New Biochemistry Building renamed the Dorothy Crowfoot Hodgkin Building

The New Biochemistry Building has been renamed the Dorothy Crowfoot Hodgkin Building in honour of the third woman to win the Nobel Prize in Chemistry. Dorothy Crowfoot Hodgkin won the 1964 Nobel Prize in Chemistry for solving the atomic structure of molecules such as penicillin and insulin by using X-ray crystallography. The renaming of the building in Dorothy Crowfoot Hodgkin's honour  commemorates her ground-breaking research contributions to Medical Sciences and her role in turning Oxford into a key centre of structural biology. It also serves as a reminder of the vital research that takes place here today and the pride we take from Dorothy Crowfoot Hodgkin's years-long association with the city of Oxford and the University. The Dorothy Crowfoot Hodgkin Building houses the Department of Biochemistry, the Kavli Institute of Nanoscience Discovery, the Oxford Genomics Centre, and a section of the Centre for Medicines Discovery

Born in Cairo, Egypt, in 1910, Dorothy was admitted to the University of Oxford to study Chemistry at Somerville College in 1928. She then obtained a PhD from the University of Cambridge before returning to Oxford in 1934 where she spent the majority of her professional life working on a series of key studies and discoveries.

The first, and most complex, of these was her study of the molecular structure of insulin, the hormone responsible for allowing glucose to enter the body's cells to provide energy. It was an extremely complex task and three decades would pass before she determined the complete structure of insulin in 1969. Dorothy Crowfoot Hodgkin was also the first scientist to completely determine the structure of cholesterol, a complex organic molecule needed to built healthy cells, by using X-ray crystallography.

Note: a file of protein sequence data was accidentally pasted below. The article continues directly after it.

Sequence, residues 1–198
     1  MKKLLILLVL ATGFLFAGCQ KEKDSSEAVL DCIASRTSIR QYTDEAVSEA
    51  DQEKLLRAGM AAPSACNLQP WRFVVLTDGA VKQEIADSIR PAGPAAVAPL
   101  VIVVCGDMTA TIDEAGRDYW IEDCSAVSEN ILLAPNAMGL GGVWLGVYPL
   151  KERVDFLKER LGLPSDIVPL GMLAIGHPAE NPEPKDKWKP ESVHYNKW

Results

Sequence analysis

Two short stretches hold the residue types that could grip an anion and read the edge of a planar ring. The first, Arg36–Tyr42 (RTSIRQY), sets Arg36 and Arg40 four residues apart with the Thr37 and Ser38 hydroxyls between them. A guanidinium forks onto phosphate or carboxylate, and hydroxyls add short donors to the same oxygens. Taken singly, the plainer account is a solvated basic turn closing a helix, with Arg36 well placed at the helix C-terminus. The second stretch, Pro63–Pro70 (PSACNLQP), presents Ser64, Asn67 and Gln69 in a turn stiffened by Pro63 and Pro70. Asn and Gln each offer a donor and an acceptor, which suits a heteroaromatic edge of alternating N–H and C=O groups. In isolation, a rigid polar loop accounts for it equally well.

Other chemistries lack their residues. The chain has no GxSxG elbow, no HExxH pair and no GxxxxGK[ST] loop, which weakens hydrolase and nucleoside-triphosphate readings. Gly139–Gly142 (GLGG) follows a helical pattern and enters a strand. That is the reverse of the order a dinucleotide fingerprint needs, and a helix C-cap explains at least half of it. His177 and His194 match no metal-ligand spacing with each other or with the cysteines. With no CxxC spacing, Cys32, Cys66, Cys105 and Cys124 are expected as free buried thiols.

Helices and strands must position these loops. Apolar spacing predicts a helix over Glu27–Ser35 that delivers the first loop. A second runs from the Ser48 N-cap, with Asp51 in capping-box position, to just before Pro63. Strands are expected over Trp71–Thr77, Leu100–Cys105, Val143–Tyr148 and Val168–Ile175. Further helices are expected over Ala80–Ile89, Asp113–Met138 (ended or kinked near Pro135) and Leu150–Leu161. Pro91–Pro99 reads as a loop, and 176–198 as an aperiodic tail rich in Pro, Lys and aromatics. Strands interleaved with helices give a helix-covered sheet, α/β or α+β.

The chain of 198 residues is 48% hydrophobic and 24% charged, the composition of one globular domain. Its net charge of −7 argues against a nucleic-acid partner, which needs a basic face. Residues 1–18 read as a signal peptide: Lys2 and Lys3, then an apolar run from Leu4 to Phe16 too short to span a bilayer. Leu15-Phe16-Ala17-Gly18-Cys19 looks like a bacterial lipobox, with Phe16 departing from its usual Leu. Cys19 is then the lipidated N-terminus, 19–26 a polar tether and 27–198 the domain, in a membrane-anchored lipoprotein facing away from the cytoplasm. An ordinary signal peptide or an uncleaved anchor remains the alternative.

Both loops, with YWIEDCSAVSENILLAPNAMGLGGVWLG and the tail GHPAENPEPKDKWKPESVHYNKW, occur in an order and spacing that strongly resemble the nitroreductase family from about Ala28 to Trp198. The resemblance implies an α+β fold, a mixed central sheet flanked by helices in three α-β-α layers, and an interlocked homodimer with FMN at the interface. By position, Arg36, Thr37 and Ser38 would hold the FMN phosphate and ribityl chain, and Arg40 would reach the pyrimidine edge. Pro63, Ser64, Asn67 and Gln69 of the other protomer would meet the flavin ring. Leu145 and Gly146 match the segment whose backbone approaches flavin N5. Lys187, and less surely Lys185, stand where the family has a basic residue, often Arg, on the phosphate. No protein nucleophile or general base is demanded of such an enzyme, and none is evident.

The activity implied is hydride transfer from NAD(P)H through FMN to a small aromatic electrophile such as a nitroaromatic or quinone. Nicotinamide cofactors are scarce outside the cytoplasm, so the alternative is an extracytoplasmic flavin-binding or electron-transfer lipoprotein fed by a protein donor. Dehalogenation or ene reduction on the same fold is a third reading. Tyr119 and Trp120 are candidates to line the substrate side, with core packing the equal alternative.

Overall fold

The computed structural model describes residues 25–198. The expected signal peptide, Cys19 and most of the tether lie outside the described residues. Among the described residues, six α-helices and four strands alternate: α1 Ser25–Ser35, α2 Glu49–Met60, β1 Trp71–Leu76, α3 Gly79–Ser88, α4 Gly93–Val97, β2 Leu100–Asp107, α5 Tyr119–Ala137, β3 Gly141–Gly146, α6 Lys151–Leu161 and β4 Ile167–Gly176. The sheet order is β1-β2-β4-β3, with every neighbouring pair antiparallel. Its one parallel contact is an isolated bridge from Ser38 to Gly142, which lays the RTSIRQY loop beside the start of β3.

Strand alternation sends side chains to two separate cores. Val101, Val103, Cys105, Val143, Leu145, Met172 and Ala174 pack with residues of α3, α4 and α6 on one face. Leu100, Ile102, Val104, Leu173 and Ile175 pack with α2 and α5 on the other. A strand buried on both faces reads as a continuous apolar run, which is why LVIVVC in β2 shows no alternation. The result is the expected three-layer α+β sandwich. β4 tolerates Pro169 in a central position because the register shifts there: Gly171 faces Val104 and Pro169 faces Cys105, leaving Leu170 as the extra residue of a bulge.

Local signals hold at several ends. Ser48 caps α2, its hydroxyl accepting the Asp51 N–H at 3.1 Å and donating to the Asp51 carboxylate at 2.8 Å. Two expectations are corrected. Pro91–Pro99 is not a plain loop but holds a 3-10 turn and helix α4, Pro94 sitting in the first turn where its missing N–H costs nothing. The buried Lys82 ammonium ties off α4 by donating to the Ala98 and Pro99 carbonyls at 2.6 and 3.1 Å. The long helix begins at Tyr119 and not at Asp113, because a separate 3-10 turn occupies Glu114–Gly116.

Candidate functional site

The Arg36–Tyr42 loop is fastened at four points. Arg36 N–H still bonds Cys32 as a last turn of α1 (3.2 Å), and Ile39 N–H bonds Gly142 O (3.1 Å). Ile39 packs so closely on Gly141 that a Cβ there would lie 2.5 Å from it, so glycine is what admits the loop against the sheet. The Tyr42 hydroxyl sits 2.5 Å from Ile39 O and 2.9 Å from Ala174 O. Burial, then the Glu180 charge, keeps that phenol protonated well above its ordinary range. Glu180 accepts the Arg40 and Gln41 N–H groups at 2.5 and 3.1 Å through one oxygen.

The onset of World War Two saw an urgent need to refine and scale up the use of antibiotics. Dorothy Crowfoot Hodgkin assisted this vital effort by determining the structure of penicillin, an antibiotic discovered in Oxford and used to cure previously untreatable infections such as pneumonia and rheumatic fever. By 1945, Dorothy Crowfoot Hodgkin was able to, for the first time, fully determine penicillin's structure.

Watch: Why was Dorothy Crowfoot Hodgkin's research revolutionary? Her biographer, Georgina Ferry, explains (Credit: Somerville College)

In 1955 Dorothy Crowfoot Hodgkin published the structure of vitamin B12, a vitamin of vital importance to the body's metabolism. This was of key significance given the importance of metabolic processes, the chemical reactions that sustain life in all organisms by converting food into energy for cells to carry out their functions.

Dorothy Crowfoot Hodgkin was a highly decorated academic whose key contributions to scientific research won her many awards. In 1947 she was elected a fellow of the Royal Society, in 1956 she received the Royal Medal, and in 1965 she was awarded the Order of the Merit. In 1964 she won the Nobel prize for Chemistry "for her determinations by X-ray techniques of the structures of important biochemical substances". To this day, she remains the only British woman to win it.